Weekly Wrap

Facebook is expanding its live streaming, Snapchat reports on San Bernardino, and a racist billboard. It's another fresh batch of digital news courtesy of the weekly wrap. 

 

FACEBOOK LIVE-STREAMING VIDEO NOW AVAILABLE TO ALL USERS

DIGITAL TRENDS

A few months ago Facebook introduced live-streaming video on its platform, but the new feature was only available to celebrities such as Dwayne “The Rock” Johnson, Serena Williams, and Luke Bryan. Starting today, Facebook will be rolling out the service to all users. Soon, the hoi polloi will be able to live-stream from the platform just like their favorite celebs.

In August, Facebook unveiled its “Live” feature but only to celebrities with a verified account, allowing those users to broadcast video of themselves while fans and followers commented. The videos were then permanently available for users to view later.

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Snapchat San Bernardino Story Shows Network’s Entry Into Breaking News

INTERNATIONAL BUSINESS TIMES

Snapchat has become a news source, and it’s also becoming a news organization. On Wednesday evening, after at least 14 people died in a mass shooting in Southern California, Snapchat collected and curated photos and videos from the event.

Snapchat wrote a teaser, a headline and a story opening. It collected statements from local authorities in San Bernardino. It shared news from citizens on the scene, such as those affected by a lockdown at a school.

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Twitter experiments with new home page in UK

TELEGRAPH

If your Twitter home page looks a little different this morning, it's because the company is experimenting with a new log in screen designed to showcase the more social side of the micro blogging site.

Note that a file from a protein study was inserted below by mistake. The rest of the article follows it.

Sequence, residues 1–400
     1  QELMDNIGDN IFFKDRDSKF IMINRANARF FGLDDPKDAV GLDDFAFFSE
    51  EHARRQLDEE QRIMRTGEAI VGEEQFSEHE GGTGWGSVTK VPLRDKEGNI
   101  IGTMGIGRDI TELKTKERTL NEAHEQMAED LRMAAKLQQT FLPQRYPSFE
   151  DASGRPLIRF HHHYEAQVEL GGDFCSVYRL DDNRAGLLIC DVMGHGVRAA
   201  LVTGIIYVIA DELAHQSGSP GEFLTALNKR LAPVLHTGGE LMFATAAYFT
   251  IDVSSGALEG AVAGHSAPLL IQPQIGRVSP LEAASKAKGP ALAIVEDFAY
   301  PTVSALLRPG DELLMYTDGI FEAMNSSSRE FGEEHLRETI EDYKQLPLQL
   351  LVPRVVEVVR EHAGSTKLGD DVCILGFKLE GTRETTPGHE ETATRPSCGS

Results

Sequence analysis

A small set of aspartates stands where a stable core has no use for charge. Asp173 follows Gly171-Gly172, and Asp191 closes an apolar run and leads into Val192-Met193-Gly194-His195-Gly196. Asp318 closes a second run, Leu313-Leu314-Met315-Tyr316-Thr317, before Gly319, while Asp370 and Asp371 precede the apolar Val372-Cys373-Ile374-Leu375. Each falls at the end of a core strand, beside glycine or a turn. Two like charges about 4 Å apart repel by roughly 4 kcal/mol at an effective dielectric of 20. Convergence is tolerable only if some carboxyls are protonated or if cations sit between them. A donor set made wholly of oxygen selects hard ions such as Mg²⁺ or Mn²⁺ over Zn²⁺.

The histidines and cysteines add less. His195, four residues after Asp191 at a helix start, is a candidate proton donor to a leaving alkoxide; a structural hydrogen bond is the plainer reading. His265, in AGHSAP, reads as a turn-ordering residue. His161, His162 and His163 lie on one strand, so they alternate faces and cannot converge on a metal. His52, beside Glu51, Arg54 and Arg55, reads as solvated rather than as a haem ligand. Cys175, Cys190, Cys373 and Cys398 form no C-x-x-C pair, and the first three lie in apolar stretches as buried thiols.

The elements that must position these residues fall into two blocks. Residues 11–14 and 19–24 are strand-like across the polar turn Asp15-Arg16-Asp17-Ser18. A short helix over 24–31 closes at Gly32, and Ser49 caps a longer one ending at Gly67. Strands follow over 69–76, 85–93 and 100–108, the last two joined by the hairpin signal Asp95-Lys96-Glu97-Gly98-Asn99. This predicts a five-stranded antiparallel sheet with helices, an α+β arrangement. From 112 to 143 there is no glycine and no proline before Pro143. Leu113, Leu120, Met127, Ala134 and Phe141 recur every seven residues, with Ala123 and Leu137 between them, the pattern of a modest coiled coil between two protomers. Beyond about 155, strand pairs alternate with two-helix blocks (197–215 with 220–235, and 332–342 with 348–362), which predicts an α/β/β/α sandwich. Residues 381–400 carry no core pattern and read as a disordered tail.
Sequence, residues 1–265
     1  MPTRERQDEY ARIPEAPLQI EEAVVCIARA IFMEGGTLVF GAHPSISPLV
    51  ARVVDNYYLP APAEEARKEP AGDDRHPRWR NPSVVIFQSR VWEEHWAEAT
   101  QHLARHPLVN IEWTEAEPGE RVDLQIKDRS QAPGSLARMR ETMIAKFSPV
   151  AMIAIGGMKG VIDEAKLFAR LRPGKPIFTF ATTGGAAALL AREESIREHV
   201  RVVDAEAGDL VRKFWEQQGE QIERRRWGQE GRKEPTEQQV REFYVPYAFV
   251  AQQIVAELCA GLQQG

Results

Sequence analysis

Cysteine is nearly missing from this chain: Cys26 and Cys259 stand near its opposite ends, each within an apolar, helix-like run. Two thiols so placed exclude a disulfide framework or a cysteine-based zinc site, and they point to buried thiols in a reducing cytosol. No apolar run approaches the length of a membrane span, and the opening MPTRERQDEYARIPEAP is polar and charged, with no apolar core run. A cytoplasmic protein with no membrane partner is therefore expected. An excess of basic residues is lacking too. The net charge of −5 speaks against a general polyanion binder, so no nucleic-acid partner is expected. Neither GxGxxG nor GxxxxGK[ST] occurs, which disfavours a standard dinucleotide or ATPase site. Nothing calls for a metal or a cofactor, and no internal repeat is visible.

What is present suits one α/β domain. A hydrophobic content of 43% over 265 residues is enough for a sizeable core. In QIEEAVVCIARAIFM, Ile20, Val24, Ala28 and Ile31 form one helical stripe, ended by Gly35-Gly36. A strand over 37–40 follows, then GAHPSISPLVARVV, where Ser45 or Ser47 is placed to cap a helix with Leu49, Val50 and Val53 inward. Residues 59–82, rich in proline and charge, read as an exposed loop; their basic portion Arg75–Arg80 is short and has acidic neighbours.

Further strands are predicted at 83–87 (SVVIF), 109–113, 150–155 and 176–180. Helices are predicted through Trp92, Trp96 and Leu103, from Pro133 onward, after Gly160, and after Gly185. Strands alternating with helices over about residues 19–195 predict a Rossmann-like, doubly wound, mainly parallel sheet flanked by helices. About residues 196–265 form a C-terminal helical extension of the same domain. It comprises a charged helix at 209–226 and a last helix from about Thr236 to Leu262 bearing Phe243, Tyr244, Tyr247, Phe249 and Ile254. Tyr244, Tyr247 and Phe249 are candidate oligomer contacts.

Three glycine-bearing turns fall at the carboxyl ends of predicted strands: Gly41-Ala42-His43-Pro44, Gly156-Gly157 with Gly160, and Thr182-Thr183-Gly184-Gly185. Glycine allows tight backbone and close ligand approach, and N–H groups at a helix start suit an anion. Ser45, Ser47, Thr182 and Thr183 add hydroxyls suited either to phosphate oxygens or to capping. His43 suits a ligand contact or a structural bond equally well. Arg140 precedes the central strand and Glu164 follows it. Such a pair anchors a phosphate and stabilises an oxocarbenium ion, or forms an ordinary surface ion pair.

Some UK users' desktop home pages have been updated to a more colourful screen displaying highly popular recent tweets across a variety of ranked topics, including politics, humour, music and popular bloggers.

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Brazilian Billboard Campaign Keeps Racist Trolls In Check

HUFFINGTON POST

A Brazilian campaign is making a public statement against racist Facebook and Twitter trolls by posting commenters' hateful words on billboards near their homes for the world to see.

The campaign, launched in July, is titled "Virtual racism, real consequences" and is an effort to inform the public about the true human costs of racist Internet comments.

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No One Needs To Fear Facebook 'M' For A Good While

FORBES

Professor Sir Nigel Shadbolt Freng, Principal of Jesus College Oxford, Chairman and Co-founder of the Open Data Institute (ODI), spoke prolifically on the subject of artificial intelligence (AI) at the final Lost Lecture last month. With a title like his you’d expect someone incredibly positive about the subject (and he is) but during the lecture it became more and more apparent that we have been (and continue to be) lied to. The truth is we’re nowhere near as close to full artificial intelligence as the media, Hollywood or indeed academics lead us to believe. However, we continue to see videos like this with hyperbolic statements plastered all over them: